A young Marine reservist was tragically killed when a contractor cut a propane line on the property of his rental home. DCSTB Principal Jim Sammon filed suit and after almost a year of litigation was able to successfully craft a significant Confidential Settlement on behalf of the Estate.
I was interviewed by local General Surgeon Jeffrey Parks, M.D. yesterday on his widely-followed Buckeye Surgeon Blog on the topic of medical malpractice cases. Although it was a hostile environment, it was a good opportunity to dispel some myths about the judicial system. Thank you to Dr. Parks for the opportunity.
You can check out the full post here.
The Third Circuit Court of Appeals reversed a lower court’s decision in favor of the railroad in a claim brought pursuant to the Federal Rail Safety Act (FRSA). The case, Araujo v. New Jersey Transit Rail Operations, Inc., was decided on February 19, 2013, and is the first interpretation of the FRSA by a federal court of appeals. Included in the decision is the affirmation of Congress’ intent that the FRSA be protective of plaintiff-employees. The burden of proof is much lower on an employee claiming retaliation than the burden on the railroad to establish a defense. The inequities built into the statute are intentional, and are meant to address the long history in the railroad industry of harassing employees who engage in protected activity. The court stated in its opinion that “the rail industry has a long history of underreporting incidents and accidents in compliance with Federal regulations. The underreporting of railroad employee injuries has long been a particular problem, and railroad labor organizations have frequently complained that harassment of employees who reported injuries is a common railroad management practice.”
As I’ve previously written on this blog, it is a common practice by some railroads to use a system of employee rules testing as a form of harassment. Within this system, railroad management and supervisors selectively enforce rules, which are typically overlooked or ignored, against employees who have recently engaged in protected activity. The Araujo decision makes clear that even if an employee violates a railroad’s written rules, it is not a valid defense to an FRSA claim if the employee can show that the rule was never previously enforced. (“While the facts in the record may show that Araujo was technically in violation of written rules, they do not shed any light on whether NJT’s decision to file disciplinary charges was retaliatory.”)
The Third Circuit’s decision was the first step in establishing the full extent to which the FRSA can provide protection to railroad employees who engage in protected activities. Hopefully the railroads are paying attention.
A tragic accident occurred yesterday at the ArcelorMittal steel plant in Cleveland, Ohio when a 50 year old railroad employee was killed after falling from a train car.
The incident raises the question of what damages are available to the individual’s family under the Federal Employers’ Liability Act (FELA). When a railroad employee is killed at work, a lawsuit can be filed by the surviving spouse or other representative of the worker’s estate. Like other injury claims under the FELA, the first step in such a case is to prove that the employee’s death was caused or contributed to by the railroad’s negligence or violation of a railroad safety statute. Once liability to established, the surviving spouse, children and next of kin are entitled to recover damages for (1) the conscious pain and suffering of the employee before his or her death; (2) the pecuniary damages of the surviving family members, which includes the value of wages, money, benefits, goods and services the employee would have contributed to those family members during his worklife; (3) his or her medical expenses; and (4) funeral expenses.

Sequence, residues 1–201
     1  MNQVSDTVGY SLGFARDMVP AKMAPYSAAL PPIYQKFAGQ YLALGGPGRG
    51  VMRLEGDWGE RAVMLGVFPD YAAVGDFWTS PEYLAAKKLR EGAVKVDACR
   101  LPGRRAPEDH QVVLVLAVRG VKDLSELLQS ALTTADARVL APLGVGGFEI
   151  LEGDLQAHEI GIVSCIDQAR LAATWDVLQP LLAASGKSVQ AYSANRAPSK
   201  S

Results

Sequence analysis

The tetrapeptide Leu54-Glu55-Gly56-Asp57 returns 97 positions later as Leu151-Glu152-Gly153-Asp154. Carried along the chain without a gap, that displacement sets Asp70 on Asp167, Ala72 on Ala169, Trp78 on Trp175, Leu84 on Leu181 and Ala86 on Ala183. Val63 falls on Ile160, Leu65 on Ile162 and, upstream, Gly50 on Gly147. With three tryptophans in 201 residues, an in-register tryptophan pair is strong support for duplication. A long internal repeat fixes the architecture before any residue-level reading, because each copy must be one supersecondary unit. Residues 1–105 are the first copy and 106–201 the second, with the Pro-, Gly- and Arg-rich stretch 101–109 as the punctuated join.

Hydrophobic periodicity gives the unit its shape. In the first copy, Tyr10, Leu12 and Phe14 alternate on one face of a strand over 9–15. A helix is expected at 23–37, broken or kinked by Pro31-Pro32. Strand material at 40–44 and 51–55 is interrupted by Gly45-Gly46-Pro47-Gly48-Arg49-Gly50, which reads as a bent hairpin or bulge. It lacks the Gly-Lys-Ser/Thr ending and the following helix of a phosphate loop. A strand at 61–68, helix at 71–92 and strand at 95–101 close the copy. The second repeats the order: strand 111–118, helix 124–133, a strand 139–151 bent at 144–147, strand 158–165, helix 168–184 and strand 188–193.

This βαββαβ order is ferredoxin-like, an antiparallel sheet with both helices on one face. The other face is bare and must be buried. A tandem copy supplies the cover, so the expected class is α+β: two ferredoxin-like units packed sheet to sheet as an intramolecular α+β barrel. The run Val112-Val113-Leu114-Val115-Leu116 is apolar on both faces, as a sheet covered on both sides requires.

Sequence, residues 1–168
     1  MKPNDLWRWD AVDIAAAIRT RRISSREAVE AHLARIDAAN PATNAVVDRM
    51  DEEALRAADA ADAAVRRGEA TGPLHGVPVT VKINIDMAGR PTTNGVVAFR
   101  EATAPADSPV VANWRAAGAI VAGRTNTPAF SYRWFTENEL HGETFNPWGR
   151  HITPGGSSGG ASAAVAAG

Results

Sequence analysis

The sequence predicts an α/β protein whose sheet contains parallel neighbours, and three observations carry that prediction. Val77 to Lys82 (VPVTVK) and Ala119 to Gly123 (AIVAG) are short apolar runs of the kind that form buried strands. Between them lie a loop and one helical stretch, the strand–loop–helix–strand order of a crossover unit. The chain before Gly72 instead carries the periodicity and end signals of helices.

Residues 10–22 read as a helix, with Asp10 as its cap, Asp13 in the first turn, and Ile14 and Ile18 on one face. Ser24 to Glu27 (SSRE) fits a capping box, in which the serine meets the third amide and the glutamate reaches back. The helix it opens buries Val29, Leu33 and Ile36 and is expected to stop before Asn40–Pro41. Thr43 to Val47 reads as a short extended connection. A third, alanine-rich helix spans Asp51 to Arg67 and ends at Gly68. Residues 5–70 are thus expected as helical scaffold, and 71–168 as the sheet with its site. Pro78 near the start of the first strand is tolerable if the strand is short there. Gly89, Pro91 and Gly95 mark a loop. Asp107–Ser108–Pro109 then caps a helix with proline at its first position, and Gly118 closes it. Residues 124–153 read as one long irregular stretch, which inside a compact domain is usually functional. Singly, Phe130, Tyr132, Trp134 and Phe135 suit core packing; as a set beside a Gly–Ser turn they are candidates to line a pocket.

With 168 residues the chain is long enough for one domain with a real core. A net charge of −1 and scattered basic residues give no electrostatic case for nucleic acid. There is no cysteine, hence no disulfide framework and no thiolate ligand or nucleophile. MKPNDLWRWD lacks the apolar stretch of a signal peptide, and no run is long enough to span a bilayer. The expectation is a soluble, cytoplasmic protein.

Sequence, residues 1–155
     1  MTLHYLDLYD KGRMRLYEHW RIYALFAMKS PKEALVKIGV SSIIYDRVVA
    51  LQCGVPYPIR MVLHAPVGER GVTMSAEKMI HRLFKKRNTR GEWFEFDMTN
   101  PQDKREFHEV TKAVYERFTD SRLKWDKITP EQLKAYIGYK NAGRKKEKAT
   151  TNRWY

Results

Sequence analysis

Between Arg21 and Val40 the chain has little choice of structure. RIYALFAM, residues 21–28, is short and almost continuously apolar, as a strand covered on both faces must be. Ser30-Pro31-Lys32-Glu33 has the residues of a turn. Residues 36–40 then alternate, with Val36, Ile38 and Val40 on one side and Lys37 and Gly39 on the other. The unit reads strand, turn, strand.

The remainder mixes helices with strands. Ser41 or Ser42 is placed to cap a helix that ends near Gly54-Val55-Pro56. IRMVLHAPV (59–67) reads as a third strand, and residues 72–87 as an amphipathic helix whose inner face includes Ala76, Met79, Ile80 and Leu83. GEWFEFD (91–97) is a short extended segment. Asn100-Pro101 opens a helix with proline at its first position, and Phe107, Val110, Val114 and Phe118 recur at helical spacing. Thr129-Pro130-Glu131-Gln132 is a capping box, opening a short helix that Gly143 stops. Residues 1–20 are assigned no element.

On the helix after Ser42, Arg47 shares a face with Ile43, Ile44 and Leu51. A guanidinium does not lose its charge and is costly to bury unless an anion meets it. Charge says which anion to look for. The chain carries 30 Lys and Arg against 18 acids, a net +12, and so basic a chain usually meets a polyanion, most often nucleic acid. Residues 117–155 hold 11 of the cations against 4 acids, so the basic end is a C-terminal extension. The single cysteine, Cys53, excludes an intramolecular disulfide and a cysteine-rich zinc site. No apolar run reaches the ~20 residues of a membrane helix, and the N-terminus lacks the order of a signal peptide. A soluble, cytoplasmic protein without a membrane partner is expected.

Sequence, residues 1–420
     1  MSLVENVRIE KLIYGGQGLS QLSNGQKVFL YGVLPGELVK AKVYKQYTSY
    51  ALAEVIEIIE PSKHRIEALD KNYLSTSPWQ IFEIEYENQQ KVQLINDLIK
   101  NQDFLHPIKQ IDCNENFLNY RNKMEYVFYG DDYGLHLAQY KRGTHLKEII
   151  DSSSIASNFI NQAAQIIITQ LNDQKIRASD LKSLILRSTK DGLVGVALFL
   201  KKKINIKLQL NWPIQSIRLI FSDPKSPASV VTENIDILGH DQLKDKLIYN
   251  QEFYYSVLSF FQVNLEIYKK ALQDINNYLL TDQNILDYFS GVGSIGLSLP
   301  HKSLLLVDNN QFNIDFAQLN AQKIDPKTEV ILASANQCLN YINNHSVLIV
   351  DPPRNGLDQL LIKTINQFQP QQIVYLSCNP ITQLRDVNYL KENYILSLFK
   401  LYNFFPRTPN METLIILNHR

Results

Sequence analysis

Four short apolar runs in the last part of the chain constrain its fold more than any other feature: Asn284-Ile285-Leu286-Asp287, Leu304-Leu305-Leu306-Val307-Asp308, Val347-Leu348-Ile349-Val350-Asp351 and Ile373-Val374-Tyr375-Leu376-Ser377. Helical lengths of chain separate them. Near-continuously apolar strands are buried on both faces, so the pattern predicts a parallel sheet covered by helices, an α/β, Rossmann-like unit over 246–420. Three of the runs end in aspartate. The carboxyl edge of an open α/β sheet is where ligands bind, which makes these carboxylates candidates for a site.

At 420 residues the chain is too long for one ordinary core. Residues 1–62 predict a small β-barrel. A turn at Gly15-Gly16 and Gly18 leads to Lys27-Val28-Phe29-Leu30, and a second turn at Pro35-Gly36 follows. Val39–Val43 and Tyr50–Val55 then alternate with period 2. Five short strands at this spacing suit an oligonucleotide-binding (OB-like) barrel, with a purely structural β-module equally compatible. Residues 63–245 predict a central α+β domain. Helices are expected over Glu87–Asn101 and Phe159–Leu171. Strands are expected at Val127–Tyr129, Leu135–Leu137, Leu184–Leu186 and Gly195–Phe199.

What is notably missing is the mental and emotional distress of the deceased employee’s loved ones. Although this is the largest element of loss in such a case, the statute does not require the railroad to pay such damages under the FELA.
Although the railroad industry is much safer than it used to be, the accident that occurred yesterday is a somber reminder of how dangerous railroading can be. Make sure that your spouse or loved ones know who to call and where to turn if something happens to you at work.
I previously wrote a post about how railroads can use a system of operational rules testing as a form of harassment and retaliation after workers report safety concerns or injuries on duty. In one such case where those allegations have been made against CSX, an Administrative Law Judge recently rejected the railroad’s argument that the case should be dismissed because the railroad had a legitimate justification (the alleged rules violations) for suspending my client. The ALJ found that there was “ample evidence” to question whether the employee’s injury reports contributed to the railroad’s decision to suspend him. The ALJ noted that my client was subjected to 20 different rules tests on the date of the subject occurrence, whereas the engineer on the crew (who did not previously report an injury) was only tested on six rules. Other employees subjected to a higher number of tests on a given day had also previously reported injuries. The case will proceed to a full hearing in the spring for a determination of whether this disparate treatment, and subsequent suspension, was a violation of the FRSA. A copy of the full decision, Case No. 2012-FRS-00010, will be posted here by the Department of Labor.
DCSTB Partner Tom Connick Successfully Defends Real Estate Appraiser In Alleged Million Dollar Civil Conspiracy And Consumer Fraud Case